Sense of Community and Positive Adult Beliefs Toward Adolescents and Youth Policy in Urban Neighborhoods and Small Cities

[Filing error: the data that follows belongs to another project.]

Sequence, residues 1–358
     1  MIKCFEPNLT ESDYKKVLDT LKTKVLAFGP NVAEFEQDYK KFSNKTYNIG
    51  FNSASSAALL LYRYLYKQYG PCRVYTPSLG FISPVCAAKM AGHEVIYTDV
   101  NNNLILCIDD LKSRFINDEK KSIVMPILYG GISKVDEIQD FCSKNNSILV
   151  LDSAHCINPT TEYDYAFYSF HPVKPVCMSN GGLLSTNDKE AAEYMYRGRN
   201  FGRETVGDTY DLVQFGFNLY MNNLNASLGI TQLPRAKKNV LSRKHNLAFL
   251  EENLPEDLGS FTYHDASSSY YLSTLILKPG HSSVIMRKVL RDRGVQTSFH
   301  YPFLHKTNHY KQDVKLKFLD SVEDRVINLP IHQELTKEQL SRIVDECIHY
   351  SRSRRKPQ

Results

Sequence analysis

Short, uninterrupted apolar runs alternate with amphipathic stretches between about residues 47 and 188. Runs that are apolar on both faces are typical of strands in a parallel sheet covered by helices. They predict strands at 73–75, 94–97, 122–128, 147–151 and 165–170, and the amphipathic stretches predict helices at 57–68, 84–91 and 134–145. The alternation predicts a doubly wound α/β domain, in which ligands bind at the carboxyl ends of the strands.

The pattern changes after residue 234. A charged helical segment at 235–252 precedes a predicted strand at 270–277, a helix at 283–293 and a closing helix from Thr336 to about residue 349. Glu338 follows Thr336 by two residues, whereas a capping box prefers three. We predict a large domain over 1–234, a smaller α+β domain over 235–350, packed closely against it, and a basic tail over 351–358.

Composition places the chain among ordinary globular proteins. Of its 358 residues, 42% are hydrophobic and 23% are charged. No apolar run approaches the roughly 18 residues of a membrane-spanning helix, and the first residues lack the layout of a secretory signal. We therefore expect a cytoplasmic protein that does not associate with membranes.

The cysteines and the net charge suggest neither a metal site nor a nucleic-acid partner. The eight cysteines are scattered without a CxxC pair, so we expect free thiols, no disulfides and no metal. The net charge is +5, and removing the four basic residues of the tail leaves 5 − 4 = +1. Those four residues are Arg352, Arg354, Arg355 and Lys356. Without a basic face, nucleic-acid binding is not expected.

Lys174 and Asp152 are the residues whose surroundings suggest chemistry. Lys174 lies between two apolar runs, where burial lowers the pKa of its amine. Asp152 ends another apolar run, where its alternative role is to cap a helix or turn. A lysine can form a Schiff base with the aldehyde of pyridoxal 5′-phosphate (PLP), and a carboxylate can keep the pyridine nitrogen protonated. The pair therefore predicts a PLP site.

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Understanding adult beliefs about adolescents is an emerging issue for researchers and policy-makers. The purposes of this study were to describe adult beliefs regarding the motivation and ability of young people to contribute to their communities, and to test the hypothesis that adults with a strong sense of community would have more positive views of young people and youth policies. Two samples of adults—a race/ethnically diverse population from an urban northeast city (N = 321) and a more homogeneous population from smaller cities in a midwest state (N = 430)—were queried through telephone interviews. Parallel analyses were conducted to compare the pattern of results across the 2 distinct populations. In both samples, upwards to 60% of adults had moderate-to-strong appraisals of adolescents as community resources. Adults from the midwest, however, tended to have more favorable beliefs about adolescents. Adult beliefs about adolescents and youth policy were largely independent of sociodemographic background. In contrast, and as predicted, adult sense of community and safety accounted most significantly for individual variation in beliefs in both populations. The results indicate that society may be receptive to a new frame of reference about young people, and that local efforts to build a sense of community among adults may result in more positive beliefs about adolescents.
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